Implantable Glucose Sensor Successful in Pigs, Diabetic Humans Next
There are other implantable glucose-monitoring devices available to diabetics, but each one must be connected via a wire to a processing unit, which has to be carried by the person and replaced every week or so. Gough's model is unique. The sensor, which would be implanted in the chest, measures glucose levels in tissue, and sends the data to a wireless receiver (like a cell phone or compute), thereby eliminating the need to continually test blood sugar. If the human trials are permitted and yield similarly successful results, this sensor could be a long-term solution for diabetes sufferers.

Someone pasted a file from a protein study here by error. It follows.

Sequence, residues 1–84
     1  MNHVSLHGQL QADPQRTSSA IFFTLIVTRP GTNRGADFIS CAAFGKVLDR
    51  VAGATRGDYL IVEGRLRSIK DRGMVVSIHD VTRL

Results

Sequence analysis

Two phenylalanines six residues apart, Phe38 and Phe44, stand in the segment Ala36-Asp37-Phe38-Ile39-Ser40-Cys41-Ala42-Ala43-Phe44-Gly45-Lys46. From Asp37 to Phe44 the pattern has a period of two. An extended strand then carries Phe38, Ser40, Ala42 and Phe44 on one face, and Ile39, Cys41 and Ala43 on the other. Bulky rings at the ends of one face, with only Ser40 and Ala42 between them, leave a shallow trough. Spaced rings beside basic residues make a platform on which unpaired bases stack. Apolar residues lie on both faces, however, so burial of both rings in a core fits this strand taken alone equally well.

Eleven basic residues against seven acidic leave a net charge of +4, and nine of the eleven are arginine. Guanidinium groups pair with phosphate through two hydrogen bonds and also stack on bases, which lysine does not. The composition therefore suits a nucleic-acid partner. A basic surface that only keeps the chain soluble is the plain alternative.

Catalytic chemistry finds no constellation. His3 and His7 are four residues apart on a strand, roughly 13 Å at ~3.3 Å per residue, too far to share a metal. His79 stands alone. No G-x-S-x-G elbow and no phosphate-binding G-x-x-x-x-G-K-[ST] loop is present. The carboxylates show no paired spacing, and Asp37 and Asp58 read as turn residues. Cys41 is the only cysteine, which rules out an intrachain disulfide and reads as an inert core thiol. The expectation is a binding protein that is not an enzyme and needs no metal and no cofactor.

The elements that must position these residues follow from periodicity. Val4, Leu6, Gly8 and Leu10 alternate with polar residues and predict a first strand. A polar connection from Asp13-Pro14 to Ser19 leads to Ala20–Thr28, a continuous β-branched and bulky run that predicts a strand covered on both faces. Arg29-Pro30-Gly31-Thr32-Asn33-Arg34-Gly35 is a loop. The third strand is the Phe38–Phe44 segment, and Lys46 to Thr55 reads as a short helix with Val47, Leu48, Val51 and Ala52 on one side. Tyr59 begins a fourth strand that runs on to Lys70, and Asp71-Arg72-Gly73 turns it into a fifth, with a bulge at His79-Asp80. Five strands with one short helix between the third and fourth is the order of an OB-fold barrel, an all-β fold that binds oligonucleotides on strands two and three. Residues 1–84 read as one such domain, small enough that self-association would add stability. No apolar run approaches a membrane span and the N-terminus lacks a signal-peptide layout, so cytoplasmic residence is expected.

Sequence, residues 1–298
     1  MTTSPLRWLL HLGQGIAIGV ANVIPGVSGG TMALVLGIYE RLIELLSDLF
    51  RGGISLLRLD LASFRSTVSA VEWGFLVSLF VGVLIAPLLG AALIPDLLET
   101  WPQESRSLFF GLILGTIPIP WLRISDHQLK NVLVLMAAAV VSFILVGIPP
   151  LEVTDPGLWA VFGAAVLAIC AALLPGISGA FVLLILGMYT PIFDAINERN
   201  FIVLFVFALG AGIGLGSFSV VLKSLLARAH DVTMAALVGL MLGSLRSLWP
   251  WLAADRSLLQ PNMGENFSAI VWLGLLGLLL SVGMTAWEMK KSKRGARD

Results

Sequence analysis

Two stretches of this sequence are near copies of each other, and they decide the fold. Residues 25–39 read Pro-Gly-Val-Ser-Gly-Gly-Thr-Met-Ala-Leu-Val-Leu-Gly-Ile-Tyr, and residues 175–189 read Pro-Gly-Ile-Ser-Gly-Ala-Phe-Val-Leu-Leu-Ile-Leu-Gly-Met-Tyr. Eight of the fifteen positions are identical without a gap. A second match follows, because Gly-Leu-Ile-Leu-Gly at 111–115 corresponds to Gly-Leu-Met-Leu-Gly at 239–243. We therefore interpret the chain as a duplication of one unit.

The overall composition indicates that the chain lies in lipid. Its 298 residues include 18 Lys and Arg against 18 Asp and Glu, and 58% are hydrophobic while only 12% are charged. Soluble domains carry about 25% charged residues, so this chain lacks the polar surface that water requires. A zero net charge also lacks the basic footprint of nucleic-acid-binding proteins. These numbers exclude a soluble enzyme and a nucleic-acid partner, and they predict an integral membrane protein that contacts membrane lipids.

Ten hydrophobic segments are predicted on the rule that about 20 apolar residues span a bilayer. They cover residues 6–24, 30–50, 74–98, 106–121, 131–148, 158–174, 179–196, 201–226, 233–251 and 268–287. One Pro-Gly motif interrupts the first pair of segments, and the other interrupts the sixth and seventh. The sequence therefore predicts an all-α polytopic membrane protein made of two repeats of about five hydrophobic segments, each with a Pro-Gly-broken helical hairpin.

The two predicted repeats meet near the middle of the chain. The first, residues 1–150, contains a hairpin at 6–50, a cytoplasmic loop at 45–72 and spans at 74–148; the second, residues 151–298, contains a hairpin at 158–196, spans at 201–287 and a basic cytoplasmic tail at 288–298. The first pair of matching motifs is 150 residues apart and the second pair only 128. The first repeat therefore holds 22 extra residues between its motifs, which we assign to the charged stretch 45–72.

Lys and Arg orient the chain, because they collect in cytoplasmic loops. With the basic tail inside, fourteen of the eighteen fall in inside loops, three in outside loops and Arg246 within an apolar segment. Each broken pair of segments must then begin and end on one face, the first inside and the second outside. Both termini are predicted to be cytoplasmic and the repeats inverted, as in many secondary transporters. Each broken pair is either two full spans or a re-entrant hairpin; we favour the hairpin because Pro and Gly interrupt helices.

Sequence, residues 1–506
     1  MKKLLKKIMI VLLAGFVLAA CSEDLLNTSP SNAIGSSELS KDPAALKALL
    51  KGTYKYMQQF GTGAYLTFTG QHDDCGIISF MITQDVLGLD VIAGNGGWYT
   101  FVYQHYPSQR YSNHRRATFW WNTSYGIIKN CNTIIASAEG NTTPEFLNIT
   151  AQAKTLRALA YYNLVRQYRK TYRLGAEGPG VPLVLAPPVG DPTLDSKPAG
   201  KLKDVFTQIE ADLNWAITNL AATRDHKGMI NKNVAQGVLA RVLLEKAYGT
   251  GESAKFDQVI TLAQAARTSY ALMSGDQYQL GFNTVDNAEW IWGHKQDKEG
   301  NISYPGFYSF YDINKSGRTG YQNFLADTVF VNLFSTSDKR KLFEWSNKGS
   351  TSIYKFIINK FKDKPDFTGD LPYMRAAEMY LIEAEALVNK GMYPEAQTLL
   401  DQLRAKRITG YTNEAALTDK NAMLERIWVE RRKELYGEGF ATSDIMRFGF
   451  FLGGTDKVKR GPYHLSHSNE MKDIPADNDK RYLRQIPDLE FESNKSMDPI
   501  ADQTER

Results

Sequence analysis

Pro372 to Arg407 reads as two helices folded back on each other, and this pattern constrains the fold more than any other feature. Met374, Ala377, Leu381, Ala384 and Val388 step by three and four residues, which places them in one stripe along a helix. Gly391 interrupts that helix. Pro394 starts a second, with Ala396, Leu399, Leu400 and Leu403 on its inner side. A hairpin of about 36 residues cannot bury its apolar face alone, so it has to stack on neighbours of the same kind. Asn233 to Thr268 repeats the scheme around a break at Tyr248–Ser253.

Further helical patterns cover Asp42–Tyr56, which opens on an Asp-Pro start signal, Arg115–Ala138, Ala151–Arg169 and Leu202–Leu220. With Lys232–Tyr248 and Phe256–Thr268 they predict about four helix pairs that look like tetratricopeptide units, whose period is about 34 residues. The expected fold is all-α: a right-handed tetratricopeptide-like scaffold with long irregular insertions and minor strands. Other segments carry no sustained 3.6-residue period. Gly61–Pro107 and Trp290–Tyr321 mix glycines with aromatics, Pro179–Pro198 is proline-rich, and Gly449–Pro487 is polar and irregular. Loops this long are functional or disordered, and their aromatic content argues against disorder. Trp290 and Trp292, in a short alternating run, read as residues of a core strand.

We've seen our diabetic friends prick their fingers enough times to know a small implant would be a major improvement. Also, a device that continuously measures blood-sugar levels and gives accurate readings will allow users to see trends in their health (e.g., spikes in sugar during times of stress). That may mean longer, healthier and happier lives for those that currently invest large amounts of time and energy into insulin management. [From: Technology Review]